FIG. 3 illustrates the passage 152 of the pressure bushing 150 having an axial dimension AD. Generally, reducing the axial dimension of the passage 152 decreases the likelihood of freeze-off, particularly for the relatively narrow pressure bushing passage diameter range of the present invention. The structural integrity of the pressure bushing may be compromised however if the axial dimension AD of the passage is reduced without restraint, resulting in failure and possibly damage to the pressure bushing. The axial dimension of the pressure bushing passage also depends on the radius of the extrusion nozzle end portion 34.

In an exemplary embodiment, the axial dimension of the passage 152 is in a range between approximately 0.032 inches and approximately 0.100 inches. A pressure bushing passage having this exemplary axial dimension preferably accommodates an extrusion nozzle end portion 34 having a radius of approximately 0.75 inches. In a preferred embodiment, the end portion of the extrusion nozzle has a radius of approximately 0.75 inches, and the passage of the pressure bushing has an axial dimension of approximately 0.100 inches.

These exemplary pressure bushing axial dimensions are used preferably with a pressure bushing having a diameter in a range between approximately 0.125 inches and approximately 0.196 inches, wherein the injection molding machine supplies fluid at not more than approximately 34,000 psi and the extrusion nozzle 30 is seated into engagement with the pressure bushing 50 with a force not less than approximately 0.77 tons as discussed above.

While the foregoing written description of the invention enables one of ordinary skill in the art to make and use what is at present considered to be the best mode of the invention, it will be appreciated and understood by those of ordinary skill the existence of variations, combinations, modifications and equivalents within the spirit and scope of the specific exemplary embodiments disclosed herein. The present invention is therefore to be limited not by the specific exemplary embodiments disclosed herein but by all embodiments within the scope of the appended claims.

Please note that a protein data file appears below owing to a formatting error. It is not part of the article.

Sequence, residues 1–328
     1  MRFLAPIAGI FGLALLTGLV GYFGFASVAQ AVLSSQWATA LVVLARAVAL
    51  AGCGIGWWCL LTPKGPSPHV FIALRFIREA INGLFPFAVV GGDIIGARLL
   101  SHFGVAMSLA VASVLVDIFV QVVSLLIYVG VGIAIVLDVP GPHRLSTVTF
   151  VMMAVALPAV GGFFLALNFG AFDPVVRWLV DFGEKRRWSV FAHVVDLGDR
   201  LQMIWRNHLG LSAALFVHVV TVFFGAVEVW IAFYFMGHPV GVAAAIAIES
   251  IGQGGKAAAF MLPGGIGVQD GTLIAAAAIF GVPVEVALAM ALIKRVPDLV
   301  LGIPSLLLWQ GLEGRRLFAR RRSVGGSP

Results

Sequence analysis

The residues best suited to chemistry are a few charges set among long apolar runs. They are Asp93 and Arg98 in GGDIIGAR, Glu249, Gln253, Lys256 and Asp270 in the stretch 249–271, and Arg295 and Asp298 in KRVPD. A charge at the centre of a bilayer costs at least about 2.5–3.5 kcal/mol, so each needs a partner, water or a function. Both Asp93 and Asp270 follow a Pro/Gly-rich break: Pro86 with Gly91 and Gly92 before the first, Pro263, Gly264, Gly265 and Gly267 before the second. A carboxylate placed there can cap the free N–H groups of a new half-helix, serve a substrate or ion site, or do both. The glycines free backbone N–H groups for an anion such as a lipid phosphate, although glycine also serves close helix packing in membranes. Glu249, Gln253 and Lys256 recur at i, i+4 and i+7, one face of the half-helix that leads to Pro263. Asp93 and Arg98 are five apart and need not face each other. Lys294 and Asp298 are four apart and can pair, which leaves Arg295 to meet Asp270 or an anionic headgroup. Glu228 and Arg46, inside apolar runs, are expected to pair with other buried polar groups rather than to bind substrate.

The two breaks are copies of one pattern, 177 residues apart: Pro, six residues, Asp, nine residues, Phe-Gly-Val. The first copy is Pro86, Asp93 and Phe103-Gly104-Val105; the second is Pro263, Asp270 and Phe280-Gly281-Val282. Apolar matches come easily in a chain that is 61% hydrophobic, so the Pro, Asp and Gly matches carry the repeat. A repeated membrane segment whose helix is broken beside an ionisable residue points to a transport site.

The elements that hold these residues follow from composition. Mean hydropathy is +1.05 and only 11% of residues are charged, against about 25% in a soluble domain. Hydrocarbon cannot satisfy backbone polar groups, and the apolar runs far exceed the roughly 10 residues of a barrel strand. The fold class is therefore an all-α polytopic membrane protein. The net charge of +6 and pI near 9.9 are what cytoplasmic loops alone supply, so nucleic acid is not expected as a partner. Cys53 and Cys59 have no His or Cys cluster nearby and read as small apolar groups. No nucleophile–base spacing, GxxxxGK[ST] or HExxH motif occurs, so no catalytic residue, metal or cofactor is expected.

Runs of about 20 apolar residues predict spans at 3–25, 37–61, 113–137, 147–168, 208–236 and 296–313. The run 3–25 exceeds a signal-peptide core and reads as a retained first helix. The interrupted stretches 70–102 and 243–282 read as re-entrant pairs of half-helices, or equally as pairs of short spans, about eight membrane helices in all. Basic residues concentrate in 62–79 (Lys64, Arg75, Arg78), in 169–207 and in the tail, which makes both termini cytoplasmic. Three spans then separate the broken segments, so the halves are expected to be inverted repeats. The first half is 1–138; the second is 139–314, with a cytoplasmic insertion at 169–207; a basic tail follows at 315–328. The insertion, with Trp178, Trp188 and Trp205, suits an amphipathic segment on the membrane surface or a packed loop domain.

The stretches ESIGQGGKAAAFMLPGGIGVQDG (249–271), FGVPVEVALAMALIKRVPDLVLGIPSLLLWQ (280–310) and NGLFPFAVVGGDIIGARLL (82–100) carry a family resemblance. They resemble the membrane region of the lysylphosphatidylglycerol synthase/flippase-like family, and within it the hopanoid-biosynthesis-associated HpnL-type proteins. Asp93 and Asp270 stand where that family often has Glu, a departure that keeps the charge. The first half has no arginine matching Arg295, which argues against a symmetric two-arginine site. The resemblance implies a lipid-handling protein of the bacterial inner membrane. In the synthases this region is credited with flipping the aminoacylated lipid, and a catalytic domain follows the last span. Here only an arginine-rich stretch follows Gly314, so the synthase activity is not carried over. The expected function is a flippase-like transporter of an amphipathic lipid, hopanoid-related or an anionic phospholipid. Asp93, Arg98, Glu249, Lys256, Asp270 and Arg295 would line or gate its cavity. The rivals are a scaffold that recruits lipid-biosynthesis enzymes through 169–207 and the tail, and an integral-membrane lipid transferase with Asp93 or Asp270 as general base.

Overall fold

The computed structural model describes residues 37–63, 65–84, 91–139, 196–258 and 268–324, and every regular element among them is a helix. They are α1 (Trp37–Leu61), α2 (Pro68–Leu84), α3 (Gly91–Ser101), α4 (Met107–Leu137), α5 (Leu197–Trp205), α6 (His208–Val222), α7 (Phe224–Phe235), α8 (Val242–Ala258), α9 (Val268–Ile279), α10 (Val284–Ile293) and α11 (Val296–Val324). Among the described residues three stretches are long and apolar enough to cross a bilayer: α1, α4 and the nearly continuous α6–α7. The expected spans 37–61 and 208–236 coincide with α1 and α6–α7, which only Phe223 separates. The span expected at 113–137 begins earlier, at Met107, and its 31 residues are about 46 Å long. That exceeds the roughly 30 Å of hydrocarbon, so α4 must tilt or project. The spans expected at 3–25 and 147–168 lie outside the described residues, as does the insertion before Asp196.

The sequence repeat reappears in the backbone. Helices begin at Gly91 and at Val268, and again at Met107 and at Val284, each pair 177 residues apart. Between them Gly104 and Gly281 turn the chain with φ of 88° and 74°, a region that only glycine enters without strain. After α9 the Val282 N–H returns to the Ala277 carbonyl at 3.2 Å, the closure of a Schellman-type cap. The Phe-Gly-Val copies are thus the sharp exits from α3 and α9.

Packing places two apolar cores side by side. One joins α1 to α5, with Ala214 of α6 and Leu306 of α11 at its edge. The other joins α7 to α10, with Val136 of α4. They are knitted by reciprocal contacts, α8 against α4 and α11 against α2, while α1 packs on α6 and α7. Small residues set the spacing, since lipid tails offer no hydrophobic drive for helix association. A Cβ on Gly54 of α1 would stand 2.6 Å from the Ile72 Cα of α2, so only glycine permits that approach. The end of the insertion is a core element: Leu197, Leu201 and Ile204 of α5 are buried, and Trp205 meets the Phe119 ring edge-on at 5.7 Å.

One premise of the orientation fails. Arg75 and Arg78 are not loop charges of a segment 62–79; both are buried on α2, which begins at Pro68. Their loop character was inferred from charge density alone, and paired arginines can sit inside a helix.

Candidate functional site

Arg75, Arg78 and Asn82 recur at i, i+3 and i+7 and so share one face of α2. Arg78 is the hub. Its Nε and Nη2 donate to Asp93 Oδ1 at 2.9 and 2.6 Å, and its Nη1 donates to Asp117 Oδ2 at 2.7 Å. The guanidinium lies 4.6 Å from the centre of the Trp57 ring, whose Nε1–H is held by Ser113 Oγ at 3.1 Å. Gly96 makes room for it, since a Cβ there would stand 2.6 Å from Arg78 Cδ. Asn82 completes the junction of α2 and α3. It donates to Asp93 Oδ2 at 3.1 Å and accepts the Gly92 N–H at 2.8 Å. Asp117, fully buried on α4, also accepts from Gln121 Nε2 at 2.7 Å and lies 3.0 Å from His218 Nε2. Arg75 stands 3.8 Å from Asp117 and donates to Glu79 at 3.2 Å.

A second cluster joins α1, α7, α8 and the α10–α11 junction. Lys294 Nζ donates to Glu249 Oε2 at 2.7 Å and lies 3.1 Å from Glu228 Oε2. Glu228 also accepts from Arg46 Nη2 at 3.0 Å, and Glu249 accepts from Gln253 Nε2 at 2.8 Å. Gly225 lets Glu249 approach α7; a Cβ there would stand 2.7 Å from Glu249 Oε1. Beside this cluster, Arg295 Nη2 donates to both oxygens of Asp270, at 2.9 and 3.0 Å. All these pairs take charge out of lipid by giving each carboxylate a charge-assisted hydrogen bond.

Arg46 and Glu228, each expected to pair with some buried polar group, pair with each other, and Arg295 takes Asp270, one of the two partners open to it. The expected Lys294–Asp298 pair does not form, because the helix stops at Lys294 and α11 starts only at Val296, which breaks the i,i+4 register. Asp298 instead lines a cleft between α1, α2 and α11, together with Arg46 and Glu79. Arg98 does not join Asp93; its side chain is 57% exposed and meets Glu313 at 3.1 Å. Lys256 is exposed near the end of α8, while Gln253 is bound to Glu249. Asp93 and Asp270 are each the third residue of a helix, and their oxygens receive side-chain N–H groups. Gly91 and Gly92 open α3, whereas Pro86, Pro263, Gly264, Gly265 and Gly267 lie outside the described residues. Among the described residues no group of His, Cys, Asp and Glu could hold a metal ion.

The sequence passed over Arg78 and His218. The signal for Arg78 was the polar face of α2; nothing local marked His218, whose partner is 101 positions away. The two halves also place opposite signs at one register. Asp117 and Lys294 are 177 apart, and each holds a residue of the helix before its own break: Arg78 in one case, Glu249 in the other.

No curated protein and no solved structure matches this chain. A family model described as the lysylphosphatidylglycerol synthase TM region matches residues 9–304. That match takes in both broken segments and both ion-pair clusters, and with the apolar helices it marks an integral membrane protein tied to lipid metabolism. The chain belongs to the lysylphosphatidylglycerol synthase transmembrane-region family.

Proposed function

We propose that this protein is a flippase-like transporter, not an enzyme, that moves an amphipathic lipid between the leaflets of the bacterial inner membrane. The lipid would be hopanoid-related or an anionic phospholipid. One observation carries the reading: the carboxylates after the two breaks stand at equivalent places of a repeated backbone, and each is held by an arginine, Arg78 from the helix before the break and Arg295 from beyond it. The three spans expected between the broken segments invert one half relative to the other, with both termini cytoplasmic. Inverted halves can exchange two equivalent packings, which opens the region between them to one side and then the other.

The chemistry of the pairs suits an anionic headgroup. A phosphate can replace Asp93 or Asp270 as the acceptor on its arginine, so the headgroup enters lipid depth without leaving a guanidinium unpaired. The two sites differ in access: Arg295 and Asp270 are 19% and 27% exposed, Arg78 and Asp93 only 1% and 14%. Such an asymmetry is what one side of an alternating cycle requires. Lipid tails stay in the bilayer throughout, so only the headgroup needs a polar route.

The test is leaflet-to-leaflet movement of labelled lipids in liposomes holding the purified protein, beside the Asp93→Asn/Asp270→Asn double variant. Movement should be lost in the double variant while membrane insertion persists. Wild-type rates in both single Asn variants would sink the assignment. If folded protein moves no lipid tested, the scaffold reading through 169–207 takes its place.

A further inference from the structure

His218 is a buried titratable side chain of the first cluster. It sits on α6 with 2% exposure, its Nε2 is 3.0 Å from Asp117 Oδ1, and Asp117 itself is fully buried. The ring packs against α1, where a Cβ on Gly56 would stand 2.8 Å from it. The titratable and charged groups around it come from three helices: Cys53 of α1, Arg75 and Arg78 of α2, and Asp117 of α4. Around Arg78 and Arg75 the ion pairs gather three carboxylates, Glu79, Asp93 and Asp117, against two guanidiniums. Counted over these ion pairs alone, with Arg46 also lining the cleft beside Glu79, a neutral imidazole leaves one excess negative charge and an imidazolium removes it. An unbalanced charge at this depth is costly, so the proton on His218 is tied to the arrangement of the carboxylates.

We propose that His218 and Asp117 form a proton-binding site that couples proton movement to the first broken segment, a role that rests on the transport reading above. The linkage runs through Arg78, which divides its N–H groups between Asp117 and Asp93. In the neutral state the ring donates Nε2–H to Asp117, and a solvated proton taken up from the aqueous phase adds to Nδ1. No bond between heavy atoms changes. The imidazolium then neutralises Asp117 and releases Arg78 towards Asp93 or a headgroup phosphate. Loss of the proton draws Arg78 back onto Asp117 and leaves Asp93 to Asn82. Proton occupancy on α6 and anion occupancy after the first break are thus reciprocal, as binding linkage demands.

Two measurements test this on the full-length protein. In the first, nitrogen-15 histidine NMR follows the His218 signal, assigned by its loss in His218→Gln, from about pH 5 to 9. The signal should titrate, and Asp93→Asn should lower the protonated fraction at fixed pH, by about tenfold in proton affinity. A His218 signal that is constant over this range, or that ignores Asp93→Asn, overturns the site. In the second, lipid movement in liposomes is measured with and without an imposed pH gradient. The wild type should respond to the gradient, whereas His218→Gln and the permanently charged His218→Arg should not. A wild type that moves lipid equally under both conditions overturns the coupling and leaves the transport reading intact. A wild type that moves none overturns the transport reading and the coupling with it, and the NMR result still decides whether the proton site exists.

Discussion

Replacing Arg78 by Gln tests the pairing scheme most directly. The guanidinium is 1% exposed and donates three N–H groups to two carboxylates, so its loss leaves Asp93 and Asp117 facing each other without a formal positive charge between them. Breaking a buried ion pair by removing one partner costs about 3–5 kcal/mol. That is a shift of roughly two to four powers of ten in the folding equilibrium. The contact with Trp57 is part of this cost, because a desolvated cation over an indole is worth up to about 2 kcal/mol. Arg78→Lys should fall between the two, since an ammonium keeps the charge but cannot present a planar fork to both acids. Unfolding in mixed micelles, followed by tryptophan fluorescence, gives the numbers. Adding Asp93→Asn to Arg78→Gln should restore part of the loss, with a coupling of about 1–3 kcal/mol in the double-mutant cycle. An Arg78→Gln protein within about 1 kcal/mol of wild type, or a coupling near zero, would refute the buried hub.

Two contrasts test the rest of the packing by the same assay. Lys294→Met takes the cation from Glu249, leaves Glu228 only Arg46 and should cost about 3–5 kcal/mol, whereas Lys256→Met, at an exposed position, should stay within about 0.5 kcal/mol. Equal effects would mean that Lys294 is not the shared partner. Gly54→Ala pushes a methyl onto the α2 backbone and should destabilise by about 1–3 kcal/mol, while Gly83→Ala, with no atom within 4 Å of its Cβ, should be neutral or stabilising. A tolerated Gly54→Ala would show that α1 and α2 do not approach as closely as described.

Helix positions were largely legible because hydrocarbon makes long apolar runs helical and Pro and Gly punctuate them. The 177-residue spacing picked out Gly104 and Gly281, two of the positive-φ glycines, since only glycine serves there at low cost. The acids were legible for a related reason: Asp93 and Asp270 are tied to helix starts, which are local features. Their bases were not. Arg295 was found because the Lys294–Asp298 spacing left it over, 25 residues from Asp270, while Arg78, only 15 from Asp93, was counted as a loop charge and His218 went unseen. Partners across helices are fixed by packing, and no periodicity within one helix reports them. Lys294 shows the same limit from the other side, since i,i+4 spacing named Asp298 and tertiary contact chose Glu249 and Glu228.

Patent Citations
Cited PatentFiling datePublication dateApplicantTitle
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Non-Patent Citations
Reference
1Cincinnati Milacron, (Brochure) "RoboShot, All Electric Injection Molding Machines", 1997, pp. 1-30.
2 *Cincinnati Milacron, (Brochure) RoboShot, All Electric Injection Molding Machines , 1997, pp. 1 30.
Referenced by
Citing PatentFiling datePublication dateApplicantTitle
US6135758 *Jul 30, 1999Oct 24, 2000Illinois Tool Works Inc.Injection molding system with improved pressure bushing
US6238204 *Sep 1, 1999May 29, 2001Illinois Tool Works Inc.Injection molding system with pressure bushing locating ring
Classifications
U.S. Classification425/567
International ClassificationB29C45/27, B29C45/20
Cooperative ClassificationB29C45/20, B29C45/2701
European ClassificationB29C45/20, B29C45/27B
Legal Events
DateCodeEventDescription
Jan 17, 2012FPExpired due to failure to pay maintenance fee
Effective date: 20111130
Nov 30, 2011LAPSLapse for failure to pay maintenance fees
Jul 4, 2011REMIMaintenance fee reminder mailed
May 30, 2007FPAYFee payment
Year of fee payment: 8
May 29, 2003FPAYFee payment
Year of fee payment: 4
Feb 24, 1998ASAssignment
Owner name: ILLINOIS TOOL WORKS INC., ILLINOIS
Free format text: ASSIGNMENT OF ASSIGNORS INTEREST;ASSIGNOR:MERRIMAN, RANDY JAY;REEL/FRAME:009003/0664
Effective date: 19980217